revue Eurostudia-Le Centre canadien d'�tudes allemandes et europ�ennes
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This issue of Eurostudia is built around selected papers presented at the international conference Le retour de l’histoire? Répercussions européennes et internationales de la réunification allemande held at Montreal’s Goethe-Institut September 29 to October 1, 2010. Organized by the Centre canadien d’études allemandes et européennes, the Centre d’excellence sur l’Union européenne, and the Centre d’études et de recherches internationales de l’Université de Montréal in collaboration with the German Consulate General, the conference commemorated the twentieth anniversary of the two postwar Germanys’ unification on October 3, 1990.

Overshadowed in collective memory by the momentous “fall” of the Berlin Wall on November 9, 1989, German reunification nonetheless marked the end of a year of equally momentous and even more decisive events that assured a remarkably pacific conclusion to the Cold War. Among these events were the “Two-plus-Four” talks permitting not only the restoration of German sovereignty but a geopolitical realignment of Europe and the world. Often forgotten is the fact that these talks first got under way during secret negotiations in Ottawa in February, 1990. The first two contributions to this issue by the Right Honourable Joe Clark, Foreign Minister of Canada at the time, and historian Ursula Lehmkuhl explore these events today still shrouded in diplomatic secrecy.

Germany and Europe’s geopolitical reunification did not put an end to their cultural divisions. As political scientist Pierre-Frédéric Weber analyses in his contribution, memories of totalitarian suffering remain distinct and politically salient in the “old” and “new” Europes. Similarly, Peperkamp et al. explore the nuances of historical memory and local identity among eastern Germans confronted with the challenges of adaptation. Journalist Robert Ide’s particularly poignant personal memories bring home the mixed emotions of unification, while philosopher Wolfram Eilenberger’s allegorical treatment of East German-born soccer (anti-) hero Michael Ballack brilliantly exposes the enduring cultural tensions of German unification. Finally, moving back to the European level and the recent crisis of the Euro, economist Jean-François Jamet’s contribution (in English and French versions) explores the tensions between united Germany’s economic strength and political commitment to a unified Europe.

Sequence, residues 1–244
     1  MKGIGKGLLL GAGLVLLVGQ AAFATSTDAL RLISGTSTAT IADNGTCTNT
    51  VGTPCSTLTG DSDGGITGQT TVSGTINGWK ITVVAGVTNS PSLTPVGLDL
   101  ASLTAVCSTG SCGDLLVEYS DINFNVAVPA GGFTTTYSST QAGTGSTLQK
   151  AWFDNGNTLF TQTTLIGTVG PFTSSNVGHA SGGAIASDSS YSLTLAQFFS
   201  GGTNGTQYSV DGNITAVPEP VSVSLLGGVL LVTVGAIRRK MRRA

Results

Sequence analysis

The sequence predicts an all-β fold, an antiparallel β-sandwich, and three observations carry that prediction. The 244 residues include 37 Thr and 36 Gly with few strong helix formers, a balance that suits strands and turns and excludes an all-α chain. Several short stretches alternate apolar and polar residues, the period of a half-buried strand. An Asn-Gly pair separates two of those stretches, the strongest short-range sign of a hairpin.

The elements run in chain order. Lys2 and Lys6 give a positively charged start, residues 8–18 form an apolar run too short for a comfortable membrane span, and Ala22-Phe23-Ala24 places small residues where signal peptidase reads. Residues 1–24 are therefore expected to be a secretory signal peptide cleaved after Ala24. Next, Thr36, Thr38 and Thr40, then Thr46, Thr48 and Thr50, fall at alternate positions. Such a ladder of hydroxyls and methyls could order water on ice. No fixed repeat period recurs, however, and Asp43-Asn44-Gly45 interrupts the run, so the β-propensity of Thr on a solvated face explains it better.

Audio-video versions of these papers as well as of the entire reunification conference are available at

Laurence McFalls